Maybe the ad, from Armalite, does infringe the law. It might be in poor taste to use a great masterpiece to promote products. But to complain because in the ad David is holding a weapon (an Armalite AR-50) is simply stupid; very nearly offensively stupid. Michaelangelo’s David is always holding a weapon. He has a sling in his left hand, and a rock in his right.
Someone says “The thing about an increasingly childless economy is that it has major implications for consumption.”
No, that childlessness has economic implications is not the thing. That our economy, society, and culture in their present state discourage people from having children, that is the thing. Moreover, the habit of mind that casts a shortage of children as “an increasingly childless economy” is part of the reason so few people are having so few children.
At work the door to the rest room is always open first thing in the morning. The cleaners work at night, and they leave them open with the ceiling fan running. That’s fine. I shut the door, thinking I’m doing my bit to maintain civilization. If I don’t shut it, it will still be open at noon. There’s not really a privacy or modesty problem, because there’s an interior wall for a baffle, but it seems to me that if there’s going to be a door on the rest room, then the door needs to be shut. If the door is always open, there is no door. It’s best not to say anything though; just quietly shut the door. Because at another place where this was happening, they took off the door completely. Notionally this was to comply with the Americans with Disabilities Act, but really it was just HR proactively degrading the work environment.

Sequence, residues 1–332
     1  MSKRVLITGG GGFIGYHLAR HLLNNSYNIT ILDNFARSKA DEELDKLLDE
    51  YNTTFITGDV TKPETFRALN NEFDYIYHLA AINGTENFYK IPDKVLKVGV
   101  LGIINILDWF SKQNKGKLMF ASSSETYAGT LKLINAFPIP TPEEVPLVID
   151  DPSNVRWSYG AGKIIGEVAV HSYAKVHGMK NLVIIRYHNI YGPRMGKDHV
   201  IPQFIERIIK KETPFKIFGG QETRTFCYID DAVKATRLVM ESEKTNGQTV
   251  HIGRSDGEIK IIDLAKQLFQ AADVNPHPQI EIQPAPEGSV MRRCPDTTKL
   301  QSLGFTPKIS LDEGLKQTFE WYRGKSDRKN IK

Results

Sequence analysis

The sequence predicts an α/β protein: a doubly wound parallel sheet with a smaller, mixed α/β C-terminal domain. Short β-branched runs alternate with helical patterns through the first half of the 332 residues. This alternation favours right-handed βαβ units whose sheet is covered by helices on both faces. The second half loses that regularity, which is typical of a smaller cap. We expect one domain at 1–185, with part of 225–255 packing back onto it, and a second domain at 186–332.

At only twenty-three years old, he has a wife, Alexandra, who was waiting patiently in the crowd, and together they have a two-year-old daughter waiting for them to return to their home in Reno, Nevada. At such a young age, Wise has the lifestyle of an adult. — At Twenty-Three
It’s just possible that the people who write the news are not like the rest of us.
“Belgium legalizes child euthanasia and no one bats an eye. Denmark euthanizes an giraffe and everybody loses their minds.”
Robert F. Kennedy himself may not have said “There are those who look at things the way they are, and ask why. I dream of things that never were, and ask why not?” though it’s commonly attributed to him. Misattributed to RFK or not, the underlying source may be a play from the early twentieth century by George Bernard Shaw, Back to Methuselah:
THE SERPENT [to Eve]. If I can do that, what can I not do? I tell you I am very subtle. When you and Adam talk, I hear you say ‘Why?’ Always ‘Why?’ You see things; and you say ‘Why?’ But I dream things that never were; and I say ‘Why not?’ — Back to Methuselah, by George Bernard Shaw. Seen in The Campus Utopians, by Jonah Goldberg
See, “The Serpent.” That alone should have made the best and brightest pause before basing their plans to re-build government, society, and culture on a foundation of “why not?” Even if they didn’t know the story. And there’s another hint, because that story is called The Fall of Man.
Worrying about global warming, driving a Prius, and hating the Tea Party, are comparable to hating the Hippies, driving a Buick, and worrying about the coming ice age.